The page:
Long story short: After the resident had performed his pre-op history and physical, the patient, apprehensive and lonely and scared as people tend to be the night before a major surgical procedure, asked the resident if he would pray with him for a good outcome.

The resident said yes, he would, then apparently got down on his knees at the hospital bedside and proceeded to do so.

Remember, this is all hearsay AND it happened 30 or so years ago, so the fine details may not be literally correct, but the gist of the story is true: our chairman called a meeting after that day's cases were over for all residents and faculty and explained what had happened and told us he felt that the resident had behaved outside the boundaries of appropriate physician behavior and that such action could not be considered acceptable in our department.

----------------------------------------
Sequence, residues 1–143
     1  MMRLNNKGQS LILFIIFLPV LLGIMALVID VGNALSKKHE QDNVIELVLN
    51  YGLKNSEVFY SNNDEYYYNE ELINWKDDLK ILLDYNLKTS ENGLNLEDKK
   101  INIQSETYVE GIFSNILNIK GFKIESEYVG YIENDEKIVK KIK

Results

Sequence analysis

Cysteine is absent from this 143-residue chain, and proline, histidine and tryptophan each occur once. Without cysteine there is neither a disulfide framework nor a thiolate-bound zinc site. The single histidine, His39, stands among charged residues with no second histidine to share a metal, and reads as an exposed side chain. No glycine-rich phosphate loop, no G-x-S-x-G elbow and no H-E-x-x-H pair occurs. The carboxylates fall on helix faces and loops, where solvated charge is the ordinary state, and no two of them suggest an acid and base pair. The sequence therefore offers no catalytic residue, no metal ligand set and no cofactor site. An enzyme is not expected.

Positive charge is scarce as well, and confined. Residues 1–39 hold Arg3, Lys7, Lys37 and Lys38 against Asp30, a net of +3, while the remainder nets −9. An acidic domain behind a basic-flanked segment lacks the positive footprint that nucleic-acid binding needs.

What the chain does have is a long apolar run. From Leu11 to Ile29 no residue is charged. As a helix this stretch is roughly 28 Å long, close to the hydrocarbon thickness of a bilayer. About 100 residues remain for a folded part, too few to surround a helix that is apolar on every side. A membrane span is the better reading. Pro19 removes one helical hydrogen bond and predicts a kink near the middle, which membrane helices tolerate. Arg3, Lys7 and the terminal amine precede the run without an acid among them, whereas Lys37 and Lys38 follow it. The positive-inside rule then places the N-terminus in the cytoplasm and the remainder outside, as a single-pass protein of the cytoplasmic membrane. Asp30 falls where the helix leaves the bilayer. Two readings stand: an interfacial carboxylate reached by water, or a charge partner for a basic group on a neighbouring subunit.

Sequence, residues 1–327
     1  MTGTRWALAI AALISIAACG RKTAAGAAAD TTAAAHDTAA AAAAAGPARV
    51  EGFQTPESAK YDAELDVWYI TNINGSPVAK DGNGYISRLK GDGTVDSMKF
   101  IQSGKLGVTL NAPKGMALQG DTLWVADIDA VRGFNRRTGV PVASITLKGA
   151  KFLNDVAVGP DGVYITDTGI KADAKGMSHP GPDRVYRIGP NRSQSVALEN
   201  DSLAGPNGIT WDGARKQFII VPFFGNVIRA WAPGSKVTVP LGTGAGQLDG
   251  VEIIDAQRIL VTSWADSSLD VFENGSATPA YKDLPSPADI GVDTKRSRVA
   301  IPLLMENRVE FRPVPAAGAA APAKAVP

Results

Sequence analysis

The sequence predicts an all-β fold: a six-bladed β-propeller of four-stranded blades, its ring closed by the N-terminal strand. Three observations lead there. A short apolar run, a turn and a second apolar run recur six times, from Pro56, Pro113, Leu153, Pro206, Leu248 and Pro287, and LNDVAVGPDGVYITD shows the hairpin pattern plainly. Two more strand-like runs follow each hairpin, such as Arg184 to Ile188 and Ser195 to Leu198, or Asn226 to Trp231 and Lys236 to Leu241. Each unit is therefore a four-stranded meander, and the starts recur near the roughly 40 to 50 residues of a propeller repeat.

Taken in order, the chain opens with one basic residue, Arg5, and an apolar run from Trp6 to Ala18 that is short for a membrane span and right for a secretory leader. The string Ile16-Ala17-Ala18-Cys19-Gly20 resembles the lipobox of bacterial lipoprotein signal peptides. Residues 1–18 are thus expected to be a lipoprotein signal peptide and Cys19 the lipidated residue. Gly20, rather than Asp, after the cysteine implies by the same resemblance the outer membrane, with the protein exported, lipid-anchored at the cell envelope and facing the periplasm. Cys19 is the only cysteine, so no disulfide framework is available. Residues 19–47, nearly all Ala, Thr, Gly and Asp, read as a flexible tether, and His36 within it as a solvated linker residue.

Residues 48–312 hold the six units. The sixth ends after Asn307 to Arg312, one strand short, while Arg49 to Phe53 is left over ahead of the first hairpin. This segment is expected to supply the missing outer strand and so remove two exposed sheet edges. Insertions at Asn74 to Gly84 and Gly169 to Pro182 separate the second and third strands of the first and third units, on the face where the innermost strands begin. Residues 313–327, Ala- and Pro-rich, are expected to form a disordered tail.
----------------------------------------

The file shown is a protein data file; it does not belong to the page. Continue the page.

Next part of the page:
At the time, I remember thinking a lot of things: First, how weird the whole thing was; second, how it was a shame that that particular guy was the one because he was a nice person and a good resident; finally, that I totally agreed that doing something like praying with a patient at UCLA Medical Center was inappropriate and probably merited dismissal.

Now I'm not so sure.

Anyhow, the story has a nice ending: a couple years later someone brought up the resident's name while we were sitting around talking, and someone said he'd ended up going across town to the University of Southern California School of Medicine's Department of Anesthesiology — which was having all manner of problems, with its chairman under investigation for stealing money and residents fleeing like rats off a sinking ship — which happily took him on, seeing as his negatives were a whole lot less than those of the general run of their residents at the time.

He excelled there and became chief resident in his final year.

I hope he went on to have a fine and fulfilling career and life.

What do you think?

Should we have fired him?

How about today?

You make the call.